Interview With Pado Mahn Shar Lahphan, General Secretary of Karen National Union KNU
November 22, 2002-Pha-an Distric, Kawthulay (KNU 7 Brigade)
Chinland Guardian: It’s nice meeting you Pado, and thank you very much for sparing your time. Let me begin by asking you in brief about your revolutionary background; when did you join the Karen National Union and what were you doing previous to joining the KNU? Pado Mahn Shar: I hail from “Myitwa KyunPaw” Irrawady Delta region, and I belong to western Po Karen, one of the Karen sub-tribes. I started my high school education in Rangoon in 1960, and I graduated from high school in 1962. I joined Rangoon University in June of 1962. The “July Incident” [in which the army of General Ne Win’s Revolutionary Council massacred student demonstrators on the Campus] occurred that very same year. Many students had gone underground by the year 1964, but I decided to remain a student till I completed my degree. I graduated with a Bachelor of Arts in History in 1966. My revolutionary career started that very same year I graduated from University, although my first contacts with the Karen National Union dated back to 1962. I have since been active in the KNU to this day.
Chinland Guardian: Could you describe about what the political goals of the KNU are?
Pado Mahn Shar: Certainly. The political goals of the KNU are to attain the rights of equality and self-determination for the entire Karen people, to establish a Karen State with an equitable and reasonable geographic area, and to establish a genuine Federal Union based on the principles of equality and democracy.
Chinland Guardian: How did the KNU’s retreat from its Headquarters Manerplaw impact the organization politically and militarily?
Pado Mahn Shar: The KNU retreated from Manerplaw on January 26, 1995. After the retreat, there have been problems within the Karen revolution as well as within among the larger Karen population. Many had thought that the Karen revolution had come to an unsuccessful end. Many Karens felt disheartened, abandoned and discontented while others started deserting the revolution by blaming the leadership and so on. The dimension of this feeling actually transcended the Karen people, it created a sense of uncertainty and disheartenment among our allies. This was all because they were not politically experienced or mature enough to realize the fact that there are ups and downs in every revolution.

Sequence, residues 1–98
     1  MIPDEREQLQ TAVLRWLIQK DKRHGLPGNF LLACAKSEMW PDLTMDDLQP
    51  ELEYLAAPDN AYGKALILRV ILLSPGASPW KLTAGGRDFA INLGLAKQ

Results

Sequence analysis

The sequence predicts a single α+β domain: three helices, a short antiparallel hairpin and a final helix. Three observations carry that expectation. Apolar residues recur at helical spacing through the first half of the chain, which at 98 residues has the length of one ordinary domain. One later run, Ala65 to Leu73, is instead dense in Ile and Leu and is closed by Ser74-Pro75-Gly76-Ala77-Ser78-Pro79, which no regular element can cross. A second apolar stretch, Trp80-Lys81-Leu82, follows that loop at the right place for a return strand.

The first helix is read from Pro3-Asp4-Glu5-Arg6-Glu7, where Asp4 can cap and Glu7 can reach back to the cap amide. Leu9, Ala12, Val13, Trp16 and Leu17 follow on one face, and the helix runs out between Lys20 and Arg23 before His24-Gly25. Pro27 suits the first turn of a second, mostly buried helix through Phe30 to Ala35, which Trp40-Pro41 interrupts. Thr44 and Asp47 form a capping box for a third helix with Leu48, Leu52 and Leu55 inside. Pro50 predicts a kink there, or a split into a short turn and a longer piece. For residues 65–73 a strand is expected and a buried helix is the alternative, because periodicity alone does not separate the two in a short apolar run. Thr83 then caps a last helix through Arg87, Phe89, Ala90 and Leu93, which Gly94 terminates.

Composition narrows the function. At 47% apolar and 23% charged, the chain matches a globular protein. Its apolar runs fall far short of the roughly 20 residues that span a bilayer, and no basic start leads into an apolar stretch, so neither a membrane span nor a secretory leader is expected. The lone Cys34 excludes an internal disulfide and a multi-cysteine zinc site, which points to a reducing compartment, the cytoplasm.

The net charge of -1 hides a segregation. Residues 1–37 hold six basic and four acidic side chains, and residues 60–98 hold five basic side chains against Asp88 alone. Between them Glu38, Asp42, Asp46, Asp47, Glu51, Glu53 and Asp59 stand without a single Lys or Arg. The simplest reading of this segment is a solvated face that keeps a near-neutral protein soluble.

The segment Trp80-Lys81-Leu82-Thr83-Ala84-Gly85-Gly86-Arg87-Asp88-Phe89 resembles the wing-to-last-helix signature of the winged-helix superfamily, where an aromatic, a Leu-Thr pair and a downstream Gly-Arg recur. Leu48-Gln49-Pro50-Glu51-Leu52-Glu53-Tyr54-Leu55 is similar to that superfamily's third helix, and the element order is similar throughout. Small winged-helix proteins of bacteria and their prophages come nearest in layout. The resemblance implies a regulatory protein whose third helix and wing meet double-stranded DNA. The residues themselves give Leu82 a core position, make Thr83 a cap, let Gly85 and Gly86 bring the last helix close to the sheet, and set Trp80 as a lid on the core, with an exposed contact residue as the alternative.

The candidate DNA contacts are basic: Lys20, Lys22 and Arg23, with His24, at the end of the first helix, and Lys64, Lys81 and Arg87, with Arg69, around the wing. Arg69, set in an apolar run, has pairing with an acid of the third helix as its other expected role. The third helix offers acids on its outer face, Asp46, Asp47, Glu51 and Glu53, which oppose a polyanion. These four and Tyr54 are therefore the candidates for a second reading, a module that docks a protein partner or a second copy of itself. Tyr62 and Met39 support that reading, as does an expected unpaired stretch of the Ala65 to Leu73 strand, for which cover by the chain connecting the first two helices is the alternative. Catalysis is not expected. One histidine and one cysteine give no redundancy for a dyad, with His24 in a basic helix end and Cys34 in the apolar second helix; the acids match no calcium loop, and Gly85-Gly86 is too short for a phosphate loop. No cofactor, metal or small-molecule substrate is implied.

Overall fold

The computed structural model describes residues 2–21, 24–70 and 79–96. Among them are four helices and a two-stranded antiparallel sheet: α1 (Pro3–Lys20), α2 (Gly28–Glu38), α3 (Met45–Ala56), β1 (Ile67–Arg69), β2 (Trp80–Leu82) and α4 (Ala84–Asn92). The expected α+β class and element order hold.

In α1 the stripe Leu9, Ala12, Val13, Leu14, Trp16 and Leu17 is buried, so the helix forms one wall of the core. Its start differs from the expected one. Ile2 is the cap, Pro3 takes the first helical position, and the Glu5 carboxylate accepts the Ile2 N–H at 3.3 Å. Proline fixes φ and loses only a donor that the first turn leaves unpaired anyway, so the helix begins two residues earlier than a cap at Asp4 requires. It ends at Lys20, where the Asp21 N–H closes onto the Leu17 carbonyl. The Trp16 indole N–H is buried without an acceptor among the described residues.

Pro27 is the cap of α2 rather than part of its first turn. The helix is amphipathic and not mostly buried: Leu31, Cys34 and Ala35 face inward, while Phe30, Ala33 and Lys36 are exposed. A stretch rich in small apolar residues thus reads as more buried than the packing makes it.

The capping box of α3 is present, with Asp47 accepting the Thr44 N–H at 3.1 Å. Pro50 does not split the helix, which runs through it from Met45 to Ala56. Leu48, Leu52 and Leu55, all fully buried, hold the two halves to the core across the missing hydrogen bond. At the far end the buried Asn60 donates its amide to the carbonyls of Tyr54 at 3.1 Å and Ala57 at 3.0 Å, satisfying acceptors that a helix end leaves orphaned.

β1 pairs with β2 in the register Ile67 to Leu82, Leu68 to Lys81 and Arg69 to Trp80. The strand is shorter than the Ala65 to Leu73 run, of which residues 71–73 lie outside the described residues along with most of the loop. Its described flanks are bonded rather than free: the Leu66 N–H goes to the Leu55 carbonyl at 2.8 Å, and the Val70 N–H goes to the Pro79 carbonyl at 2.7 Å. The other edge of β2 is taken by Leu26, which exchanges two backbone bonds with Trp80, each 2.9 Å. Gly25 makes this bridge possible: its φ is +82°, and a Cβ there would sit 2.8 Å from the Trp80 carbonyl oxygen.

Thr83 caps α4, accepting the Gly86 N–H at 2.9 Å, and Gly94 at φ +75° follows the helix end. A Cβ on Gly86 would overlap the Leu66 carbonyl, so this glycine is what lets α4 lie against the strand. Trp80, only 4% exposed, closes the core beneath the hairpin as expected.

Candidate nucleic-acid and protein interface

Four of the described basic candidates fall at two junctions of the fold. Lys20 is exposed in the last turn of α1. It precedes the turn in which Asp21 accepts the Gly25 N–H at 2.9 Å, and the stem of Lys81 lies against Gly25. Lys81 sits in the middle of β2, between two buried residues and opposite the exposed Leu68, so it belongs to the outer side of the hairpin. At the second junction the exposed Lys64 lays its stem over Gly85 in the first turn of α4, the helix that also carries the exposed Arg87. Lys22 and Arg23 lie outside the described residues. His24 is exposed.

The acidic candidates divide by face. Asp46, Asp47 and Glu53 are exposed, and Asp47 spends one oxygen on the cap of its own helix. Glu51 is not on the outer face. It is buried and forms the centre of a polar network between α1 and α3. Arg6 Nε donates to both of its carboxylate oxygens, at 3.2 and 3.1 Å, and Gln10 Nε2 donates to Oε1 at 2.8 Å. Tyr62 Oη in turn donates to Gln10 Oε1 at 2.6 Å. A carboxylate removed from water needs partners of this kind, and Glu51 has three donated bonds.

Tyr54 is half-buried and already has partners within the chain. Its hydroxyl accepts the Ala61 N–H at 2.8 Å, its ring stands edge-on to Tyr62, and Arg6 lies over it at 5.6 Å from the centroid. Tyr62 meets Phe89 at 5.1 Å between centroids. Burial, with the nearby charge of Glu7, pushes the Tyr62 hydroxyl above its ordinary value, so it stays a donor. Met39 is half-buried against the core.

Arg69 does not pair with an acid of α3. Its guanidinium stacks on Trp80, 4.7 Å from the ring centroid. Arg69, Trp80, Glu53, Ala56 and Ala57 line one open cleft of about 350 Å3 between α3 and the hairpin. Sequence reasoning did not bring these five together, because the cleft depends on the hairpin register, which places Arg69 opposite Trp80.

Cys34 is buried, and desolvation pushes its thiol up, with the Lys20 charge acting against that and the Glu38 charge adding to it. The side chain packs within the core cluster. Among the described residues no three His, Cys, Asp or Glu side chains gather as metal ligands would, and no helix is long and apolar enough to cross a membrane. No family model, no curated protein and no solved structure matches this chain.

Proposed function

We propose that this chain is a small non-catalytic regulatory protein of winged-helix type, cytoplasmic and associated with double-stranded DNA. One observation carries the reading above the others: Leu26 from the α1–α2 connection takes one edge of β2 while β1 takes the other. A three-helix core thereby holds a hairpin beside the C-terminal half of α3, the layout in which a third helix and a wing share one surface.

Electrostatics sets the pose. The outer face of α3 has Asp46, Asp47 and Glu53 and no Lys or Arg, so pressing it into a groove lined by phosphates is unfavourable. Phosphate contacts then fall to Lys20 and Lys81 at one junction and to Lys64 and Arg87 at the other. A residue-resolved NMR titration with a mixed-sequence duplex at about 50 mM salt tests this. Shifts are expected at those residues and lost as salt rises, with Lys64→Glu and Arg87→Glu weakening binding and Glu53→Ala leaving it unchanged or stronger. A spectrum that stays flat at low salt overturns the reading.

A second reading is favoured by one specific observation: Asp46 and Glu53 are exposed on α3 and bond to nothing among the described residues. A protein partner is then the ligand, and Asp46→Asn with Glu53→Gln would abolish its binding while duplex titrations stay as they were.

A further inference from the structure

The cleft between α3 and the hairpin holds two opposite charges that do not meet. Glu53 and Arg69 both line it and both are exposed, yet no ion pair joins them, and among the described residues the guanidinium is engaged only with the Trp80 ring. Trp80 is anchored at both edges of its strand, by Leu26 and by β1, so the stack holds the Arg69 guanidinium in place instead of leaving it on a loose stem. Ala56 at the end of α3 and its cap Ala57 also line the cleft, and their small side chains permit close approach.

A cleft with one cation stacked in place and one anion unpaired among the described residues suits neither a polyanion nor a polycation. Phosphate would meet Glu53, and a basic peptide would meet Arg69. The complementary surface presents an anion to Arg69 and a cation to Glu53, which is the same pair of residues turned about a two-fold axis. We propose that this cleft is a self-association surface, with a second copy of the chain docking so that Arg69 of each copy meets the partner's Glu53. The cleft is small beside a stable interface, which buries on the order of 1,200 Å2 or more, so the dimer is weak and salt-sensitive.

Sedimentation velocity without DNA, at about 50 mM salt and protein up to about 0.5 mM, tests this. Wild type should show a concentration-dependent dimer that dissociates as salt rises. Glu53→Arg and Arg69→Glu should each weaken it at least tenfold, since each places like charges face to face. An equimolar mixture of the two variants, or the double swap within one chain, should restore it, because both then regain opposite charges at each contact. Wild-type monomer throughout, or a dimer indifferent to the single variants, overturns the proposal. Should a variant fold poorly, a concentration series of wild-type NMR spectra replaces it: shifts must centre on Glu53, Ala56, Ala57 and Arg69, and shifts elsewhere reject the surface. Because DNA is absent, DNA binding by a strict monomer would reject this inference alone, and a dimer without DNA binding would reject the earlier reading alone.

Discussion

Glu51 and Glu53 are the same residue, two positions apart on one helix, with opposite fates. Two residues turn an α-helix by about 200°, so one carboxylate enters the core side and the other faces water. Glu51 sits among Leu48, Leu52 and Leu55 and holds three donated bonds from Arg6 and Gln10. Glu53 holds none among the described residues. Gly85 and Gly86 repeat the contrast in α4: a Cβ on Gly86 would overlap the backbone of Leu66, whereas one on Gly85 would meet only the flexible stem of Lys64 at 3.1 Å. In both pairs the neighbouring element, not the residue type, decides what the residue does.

Chinland Guardian: Would you mind explaining to us the reason why the KNU decided to let go of Manerplaw?
Pado Mahn Shar: After 1988, Manerplaw became the Headquarters of both the KNU and of the revolutionary movement for the entire country, thus becoming the most strategically important target for the [Burmese] military junta. In 1989, the military junta succeeded in terminating the Burma Communist Party (CPB) movement, without a single gun-shot fired, depriving them of both their strongholds and their soldiers. Simultaneously, from 1989 to 1994, the junta, again without having to fire a single bullet, succeeded in enticing over ten ethnic armed organizations to be placed under its control. These two events gave the SLORC the ability to mobilize both its troops and weapons from the entire country to use for the offensive against Manerplaw. On the other hand, decades of continuous resistance had begun to exhaust our energy, weaponry and economy. Under such circumstances, the SLORC was also able to create religious tension within the KNU. All of these combined, constitute some of the primary factors that led us to give up Marneplaw.
Chinland Guardian: Have there been any proposals made by Rangoon for peace talks with the KNU?
Pado Mahn Shar: Since 1949, the KNU has held talks with Rangoon on four different occasions. The first one was in 1949. Another meeting was held in 1960 with General Ne Win’s Care Taker Government. And the third meeting occurred during the Revolutionary Council era. The last one was in 1996 with the State Law and Restoration Council. There were four meetings in the latest phase of talks with the SLORC including the preliminary meetings. But the negotiation became unsuccessful because all the SLORC wanted was the unconditional and unilateral surrender of arms by the KNU. This was something we could not just accept, and that’s the reason why the SLORC unilaterally pulled out from the talks and started intensifying military offensive against the KNU. Since 1997, neither the SLORC nor SPDC has made any meaningful proposals for peace talks with us.
Chinland Guardian: “Tripartite Dialogue” is a terminology that enjoys a great deal of popularity as being the most potentially effective and viable means of solving the present political crisis in Burma. What is your view on this?